3 Replies Latest reply on Aug 12, 2010 11:10 AM by ultimatekaiser

    Hex core 2.66Ghz version?


      Hi im sorry if this has been answered in another thread/is in the wrong place, but is there any talk of a 2.66Ghz version of the 980X?


      Because I'm sure that the core i7 extreme version was closely followed by the i7 920 however I have yet to see the same happen with the hex cores.


      I only ask as I am looking to upgrade and would like a hex core, but cannot afford £880 for the 980X. Furthermore when the i7 extreme was released at approximately the same price as the current price of the 980X and the the i7 920 was released at about £220, which is more my budget!





        • 1. Re: Hex core 2.66Ghz version?

          The i7 980x is currently the only desktop grade hex-core CPU available from Intel. In Q3 of this year, they plan to release a 3.2GHz non-extreme edition version of it. but that is the most i've heard of Gulftown hex-core CPUs without going into Xeon class processing. and i'm sure that the processor will retail for a pretty penny. I'd guess at around the price of the i7-960 or possibly slightly higher.

          1 of 1 people found this helpful
          • 2. Re: Hex core 2.66Ghz version?

            Thanks for your response! You were right, however the 970 is still way over my budget at £670. I Think I might have to go with a 920 or 930 because the price of both the 970 and 980X are way over my budget! How long does it take to release a lower clocked version! just change a few fuses and change the clock frequency lol Has anyone heard anything else on the subject of new hexacores?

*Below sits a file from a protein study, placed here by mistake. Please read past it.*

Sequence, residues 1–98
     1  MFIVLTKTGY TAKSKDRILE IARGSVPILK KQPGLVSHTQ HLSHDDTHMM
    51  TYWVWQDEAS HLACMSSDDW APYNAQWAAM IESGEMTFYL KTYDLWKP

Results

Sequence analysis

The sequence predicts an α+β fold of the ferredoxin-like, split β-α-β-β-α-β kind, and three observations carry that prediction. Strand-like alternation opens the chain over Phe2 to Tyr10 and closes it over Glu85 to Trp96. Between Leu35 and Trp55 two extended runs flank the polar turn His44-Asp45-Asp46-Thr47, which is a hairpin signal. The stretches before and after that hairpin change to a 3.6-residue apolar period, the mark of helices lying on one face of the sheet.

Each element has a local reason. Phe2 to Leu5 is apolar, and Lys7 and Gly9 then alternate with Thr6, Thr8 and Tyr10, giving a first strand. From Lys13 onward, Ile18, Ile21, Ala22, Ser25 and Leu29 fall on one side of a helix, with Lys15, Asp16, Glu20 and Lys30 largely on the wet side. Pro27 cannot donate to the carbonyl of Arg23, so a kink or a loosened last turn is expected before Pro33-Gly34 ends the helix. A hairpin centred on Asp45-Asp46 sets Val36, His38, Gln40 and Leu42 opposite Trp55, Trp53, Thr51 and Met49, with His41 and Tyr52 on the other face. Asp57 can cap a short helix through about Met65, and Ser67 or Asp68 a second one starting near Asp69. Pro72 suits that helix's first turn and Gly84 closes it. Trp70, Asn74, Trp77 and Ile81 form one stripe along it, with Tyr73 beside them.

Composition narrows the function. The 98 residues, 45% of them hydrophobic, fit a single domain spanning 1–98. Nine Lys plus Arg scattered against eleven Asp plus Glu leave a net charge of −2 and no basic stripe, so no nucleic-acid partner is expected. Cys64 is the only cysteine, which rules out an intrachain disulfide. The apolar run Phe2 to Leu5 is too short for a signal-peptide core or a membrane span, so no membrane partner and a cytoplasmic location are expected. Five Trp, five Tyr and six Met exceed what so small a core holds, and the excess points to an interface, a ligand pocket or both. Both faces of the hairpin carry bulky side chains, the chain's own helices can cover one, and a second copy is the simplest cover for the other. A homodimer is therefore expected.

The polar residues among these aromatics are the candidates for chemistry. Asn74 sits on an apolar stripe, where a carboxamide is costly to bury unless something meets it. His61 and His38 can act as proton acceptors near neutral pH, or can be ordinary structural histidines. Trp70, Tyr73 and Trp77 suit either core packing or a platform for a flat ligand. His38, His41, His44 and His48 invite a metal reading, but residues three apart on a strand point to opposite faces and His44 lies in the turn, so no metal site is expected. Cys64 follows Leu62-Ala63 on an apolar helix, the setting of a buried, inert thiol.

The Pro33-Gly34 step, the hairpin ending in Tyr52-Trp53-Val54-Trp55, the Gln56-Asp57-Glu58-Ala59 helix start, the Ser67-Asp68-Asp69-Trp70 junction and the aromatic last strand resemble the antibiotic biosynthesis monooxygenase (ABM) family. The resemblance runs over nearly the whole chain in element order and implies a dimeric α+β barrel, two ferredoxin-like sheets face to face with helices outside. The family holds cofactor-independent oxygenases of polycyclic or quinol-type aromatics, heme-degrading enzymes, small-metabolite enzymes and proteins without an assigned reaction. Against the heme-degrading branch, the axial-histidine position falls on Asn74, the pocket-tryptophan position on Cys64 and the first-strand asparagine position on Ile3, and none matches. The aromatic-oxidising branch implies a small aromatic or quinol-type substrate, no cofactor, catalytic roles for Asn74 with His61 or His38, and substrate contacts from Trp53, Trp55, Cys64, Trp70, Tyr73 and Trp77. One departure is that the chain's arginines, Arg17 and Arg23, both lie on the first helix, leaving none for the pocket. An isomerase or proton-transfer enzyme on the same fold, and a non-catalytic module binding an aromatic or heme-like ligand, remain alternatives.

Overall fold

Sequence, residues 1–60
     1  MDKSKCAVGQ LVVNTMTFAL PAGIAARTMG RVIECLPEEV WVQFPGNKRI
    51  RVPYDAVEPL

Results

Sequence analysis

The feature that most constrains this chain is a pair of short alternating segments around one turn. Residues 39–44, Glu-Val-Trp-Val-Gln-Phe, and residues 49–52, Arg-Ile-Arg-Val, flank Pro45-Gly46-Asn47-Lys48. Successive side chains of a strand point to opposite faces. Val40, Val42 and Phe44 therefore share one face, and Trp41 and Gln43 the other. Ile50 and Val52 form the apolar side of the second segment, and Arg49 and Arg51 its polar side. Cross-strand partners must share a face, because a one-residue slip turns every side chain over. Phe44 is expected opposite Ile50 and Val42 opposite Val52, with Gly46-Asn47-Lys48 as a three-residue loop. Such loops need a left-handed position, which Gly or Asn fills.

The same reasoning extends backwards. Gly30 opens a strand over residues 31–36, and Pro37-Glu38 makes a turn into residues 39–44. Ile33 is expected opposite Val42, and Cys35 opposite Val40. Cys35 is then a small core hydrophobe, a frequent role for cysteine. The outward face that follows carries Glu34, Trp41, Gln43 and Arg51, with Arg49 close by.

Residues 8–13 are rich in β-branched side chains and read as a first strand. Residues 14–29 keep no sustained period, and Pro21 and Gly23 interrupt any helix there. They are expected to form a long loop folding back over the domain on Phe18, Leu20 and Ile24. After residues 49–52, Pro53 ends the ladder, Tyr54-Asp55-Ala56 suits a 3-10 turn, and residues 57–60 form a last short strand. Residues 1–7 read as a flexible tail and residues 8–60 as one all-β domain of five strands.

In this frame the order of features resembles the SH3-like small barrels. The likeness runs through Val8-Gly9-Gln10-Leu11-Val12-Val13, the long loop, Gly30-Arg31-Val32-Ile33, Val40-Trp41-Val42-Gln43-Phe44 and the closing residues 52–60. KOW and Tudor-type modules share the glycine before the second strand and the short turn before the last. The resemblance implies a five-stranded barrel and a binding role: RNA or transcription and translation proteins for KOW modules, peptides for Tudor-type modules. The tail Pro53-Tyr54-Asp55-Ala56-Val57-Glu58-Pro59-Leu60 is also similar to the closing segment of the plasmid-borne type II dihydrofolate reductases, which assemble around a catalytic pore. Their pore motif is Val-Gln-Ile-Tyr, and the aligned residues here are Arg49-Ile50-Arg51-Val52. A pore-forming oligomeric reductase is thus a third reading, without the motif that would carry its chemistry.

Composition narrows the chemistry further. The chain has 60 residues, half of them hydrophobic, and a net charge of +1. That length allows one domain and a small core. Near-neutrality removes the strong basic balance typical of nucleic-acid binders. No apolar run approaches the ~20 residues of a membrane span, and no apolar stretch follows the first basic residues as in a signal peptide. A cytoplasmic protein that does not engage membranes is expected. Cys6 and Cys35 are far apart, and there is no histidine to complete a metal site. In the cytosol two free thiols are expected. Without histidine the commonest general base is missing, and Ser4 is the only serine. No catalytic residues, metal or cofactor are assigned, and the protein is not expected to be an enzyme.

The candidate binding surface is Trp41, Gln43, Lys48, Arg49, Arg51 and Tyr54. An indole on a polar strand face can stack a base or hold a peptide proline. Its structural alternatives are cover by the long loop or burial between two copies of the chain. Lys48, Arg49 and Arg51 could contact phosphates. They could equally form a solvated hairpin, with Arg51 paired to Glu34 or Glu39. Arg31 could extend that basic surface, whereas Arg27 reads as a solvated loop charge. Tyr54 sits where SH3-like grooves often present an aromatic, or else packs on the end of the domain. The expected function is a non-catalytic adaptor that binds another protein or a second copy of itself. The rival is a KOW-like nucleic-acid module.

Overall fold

• 3. Re: Hex core 2.66Ghz version?

              In all honesty. most people don't need the hexacore. I personally own a 980x and it's way overkill for most things.In regard to typical use, including games, an i7 920 - 930 has just as good a results. Many modern CPUs even an i3/i5 will get you by for most anything, unless you're doing heavy video editing/conversion and multi processing rendering and things like that. as for a lower clocked version, Intel can easily reprogram a chip to run at a lower clock with little effort I'm sure. However, if they did that then they'd risk undermining the lower chips. they WANT the 970 and 980x to be the top of the hill, thus the premium charge. In all perfect honesty.... I'd rather buy an extended motherboard and spend the extra money on graphics card(s) or fast storage media. Those upgrades will typically yield a far better performance result per dollar. the hexacore systems are geared towards pro renderers and video artists and servers primarily and are not really intended for everyday use. (unless your one of those enthusiasts people who just likes to stay up to date and always have the best)